The Congress, by Public Law 103-308, as amended, has designated December 7 of each year as “National Pearl Harbor Remembrance Day.”

NOW, THEREFORE, I, DONALD J. TRUMP, President of the United States of America, do hereby proclaim December 7, 2020, as National Pearl Harbor Remembrance Day. I encourage all Americans to observe this solemn day of remembrance and to honor our military, past and present, with appropriate ceremonies and activities. I urge all Federal agencies and interested organizations, groups, and individuals to fly the flag of the United States at half-staff in honor of those American patriots who died as a result of their service at Pearl Harbor.

IN WITNESS WHEREOF, I have hereunto set my hand this
fourth day of December, in the year of our Lord two thousand twenty, and of the Independence of the United States of America the two hundred and forty-fifth.


States Are Lowering Their Flags in Honor of Those No Longer with Us

In addition to Pearl Harbor Day, some states may also have individual proclamation in place to honor those who are no longer with us.

Arkansas: Flags are flying half-staff at state facilities through December 8, the day of the interment/burial of North Little Rock Police Sgt. J.L. “Buck” Dancy. He died in the line of duty at the age of 62 on December 2 because of COVID-19 complications.

Illinois: In Illinois, flags are flying half-staff at state facilities in honor of those who have died from COVID-19.

New York: In New York, the statewide half-staff order ended on November 9. However, New York City’s mayor is still ordering flags at city facilities to fly half-staff in honor of those who died of COVID-19.

Pennsylvania: In Pennsylvania, flags are flying half-staff at state facilities to honor those who have died from COVID-19.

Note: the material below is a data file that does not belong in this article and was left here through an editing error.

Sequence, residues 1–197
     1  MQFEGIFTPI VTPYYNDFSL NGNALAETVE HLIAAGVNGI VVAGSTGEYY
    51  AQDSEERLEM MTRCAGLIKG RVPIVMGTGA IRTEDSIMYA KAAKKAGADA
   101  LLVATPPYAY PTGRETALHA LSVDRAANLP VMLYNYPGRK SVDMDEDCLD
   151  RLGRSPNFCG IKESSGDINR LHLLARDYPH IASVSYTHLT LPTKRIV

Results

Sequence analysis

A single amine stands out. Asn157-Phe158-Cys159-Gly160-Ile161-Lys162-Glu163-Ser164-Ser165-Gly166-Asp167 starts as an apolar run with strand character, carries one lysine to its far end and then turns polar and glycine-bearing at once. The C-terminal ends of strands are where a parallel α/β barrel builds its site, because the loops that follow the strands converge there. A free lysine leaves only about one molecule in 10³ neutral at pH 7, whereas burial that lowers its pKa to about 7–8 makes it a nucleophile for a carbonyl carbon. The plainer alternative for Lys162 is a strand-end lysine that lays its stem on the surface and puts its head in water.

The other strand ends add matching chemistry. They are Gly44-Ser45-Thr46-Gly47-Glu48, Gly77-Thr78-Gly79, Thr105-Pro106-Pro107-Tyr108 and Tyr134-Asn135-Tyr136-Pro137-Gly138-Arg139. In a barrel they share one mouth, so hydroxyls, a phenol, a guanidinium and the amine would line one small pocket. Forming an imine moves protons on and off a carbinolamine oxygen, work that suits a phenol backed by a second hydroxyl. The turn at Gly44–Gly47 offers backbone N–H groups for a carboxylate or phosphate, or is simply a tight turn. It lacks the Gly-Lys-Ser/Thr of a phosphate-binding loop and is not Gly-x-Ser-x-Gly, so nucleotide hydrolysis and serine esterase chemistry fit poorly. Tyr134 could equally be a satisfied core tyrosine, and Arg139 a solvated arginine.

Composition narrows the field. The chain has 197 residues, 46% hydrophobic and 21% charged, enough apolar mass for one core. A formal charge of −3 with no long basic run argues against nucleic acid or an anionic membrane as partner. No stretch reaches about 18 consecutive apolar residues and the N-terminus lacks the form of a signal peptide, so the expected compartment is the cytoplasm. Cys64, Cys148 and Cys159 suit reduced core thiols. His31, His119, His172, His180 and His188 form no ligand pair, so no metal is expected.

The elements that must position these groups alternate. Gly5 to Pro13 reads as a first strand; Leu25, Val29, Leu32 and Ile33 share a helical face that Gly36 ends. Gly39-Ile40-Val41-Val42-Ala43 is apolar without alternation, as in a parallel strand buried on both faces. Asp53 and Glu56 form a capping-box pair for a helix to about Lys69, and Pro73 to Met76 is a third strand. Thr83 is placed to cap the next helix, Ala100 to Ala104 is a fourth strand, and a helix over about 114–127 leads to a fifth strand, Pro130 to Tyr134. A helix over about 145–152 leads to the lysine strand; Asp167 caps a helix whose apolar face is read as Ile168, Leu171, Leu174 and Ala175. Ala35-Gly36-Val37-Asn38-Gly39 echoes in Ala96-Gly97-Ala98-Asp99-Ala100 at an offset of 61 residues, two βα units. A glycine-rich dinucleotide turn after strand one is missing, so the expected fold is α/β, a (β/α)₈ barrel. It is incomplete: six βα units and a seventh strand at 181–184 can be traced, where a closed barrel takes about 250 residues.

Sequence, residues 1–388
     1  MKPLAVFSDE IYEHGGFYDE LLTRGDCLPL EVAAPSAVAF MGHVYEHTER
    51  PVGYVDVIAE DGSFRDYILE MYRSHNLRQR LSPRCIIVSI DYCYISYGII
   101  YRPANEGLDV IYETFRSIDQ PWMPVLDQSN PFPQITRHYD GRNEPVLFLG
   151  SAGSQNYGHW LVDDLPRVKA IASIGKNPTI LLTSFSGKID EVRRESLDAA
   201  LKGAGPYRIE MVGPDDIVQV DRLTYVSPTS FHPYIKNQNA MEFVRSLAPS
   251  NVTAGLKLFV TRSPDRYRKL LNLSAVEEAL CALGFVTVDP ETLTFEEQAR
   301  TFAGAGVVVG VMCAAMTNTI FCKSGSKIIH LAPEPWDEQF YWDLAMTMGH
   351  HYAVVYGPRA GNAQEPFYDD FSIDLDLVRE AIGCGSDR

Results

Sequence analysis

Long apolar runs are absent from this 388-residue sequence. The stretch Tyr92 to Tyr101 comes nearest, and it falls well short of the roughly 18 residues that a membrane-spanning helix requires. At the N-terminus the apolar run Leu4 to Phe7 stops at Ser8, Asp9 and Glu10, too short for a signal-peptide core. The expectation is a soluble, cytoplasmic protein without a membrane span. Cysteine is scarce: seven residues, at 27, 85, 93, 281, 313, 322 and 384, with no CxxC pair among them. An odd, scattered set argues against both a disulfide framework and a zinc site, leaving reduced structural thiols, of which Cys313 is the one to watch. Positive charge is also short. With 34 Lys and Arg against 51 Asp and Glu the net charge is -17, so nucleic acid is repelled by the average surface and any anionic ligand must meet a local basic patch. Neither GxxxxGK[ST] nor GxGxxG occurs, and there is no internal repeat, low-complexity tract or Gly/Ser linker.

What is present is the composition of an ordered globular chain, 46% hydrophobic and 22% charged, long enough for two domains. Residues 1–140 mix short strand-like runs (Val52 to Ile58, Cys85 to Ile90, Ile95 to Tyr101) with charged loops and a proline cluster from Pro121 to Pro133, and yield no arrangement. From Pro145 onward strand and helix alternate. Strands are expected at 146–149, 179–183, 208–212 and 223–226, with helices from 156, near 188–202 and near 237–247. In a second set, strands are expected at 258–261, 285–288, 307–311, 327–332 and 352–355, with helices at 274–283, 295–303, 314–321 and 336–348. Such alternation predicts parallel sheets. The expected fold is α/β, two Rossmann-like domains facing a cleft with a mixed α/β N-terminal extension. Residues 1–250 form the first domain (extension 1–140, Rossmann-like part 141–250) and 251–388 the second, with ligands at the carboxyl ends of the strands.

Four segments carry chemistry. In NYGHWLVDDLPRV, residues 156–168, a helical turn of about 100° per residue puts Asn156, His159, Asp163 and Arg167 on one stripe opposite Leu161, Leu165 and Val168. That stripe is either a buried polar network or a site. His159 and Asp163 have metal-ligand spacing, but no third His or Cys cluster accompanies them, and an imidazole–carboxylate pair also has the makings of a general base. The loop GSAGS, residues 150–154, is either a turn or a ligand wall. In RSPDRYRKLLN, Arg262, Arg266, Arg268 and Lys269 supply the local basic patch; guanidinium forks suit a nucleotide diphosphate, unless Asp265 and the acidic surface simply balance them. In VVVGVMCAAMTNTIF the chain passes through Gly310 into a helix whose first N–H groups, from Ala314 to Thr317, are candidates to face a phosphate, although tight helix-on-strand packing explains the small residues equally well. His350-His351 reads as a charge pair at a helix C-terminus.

South Dakota: From sunrise to sunset today, flags at the state capitol will be flying half-staff in honor of former State Senator Theresa Two Bulls, who was in the state senate from 2005 to 2008.


Flag Half-Staff Traditions

It’s customary to only display the American flag from sunrise to sunset, unless the flag is well illuminated overnight. In those cases, the flag might be displayed 24 hours a day. A number of holidays call for the U.S. flags to be lowered to half-staff every year. In addition, the President of the United States may order a proclamation for the flags to fly half-staff when someone of prominence dies or when there is a national tragedy. State governors may also call for national flags to be flown at half-staff in their state when a present or former government official passes away.

If you’re wondering about the term half-mast vs. half-staff, in the United States half-mast refers to flags being lowered on a ship, while half-staff refers to a pole on a building. However, outside the United States, the more commonly used term is actually half-mast. The terms tend to be used interchangeably in common vernacular.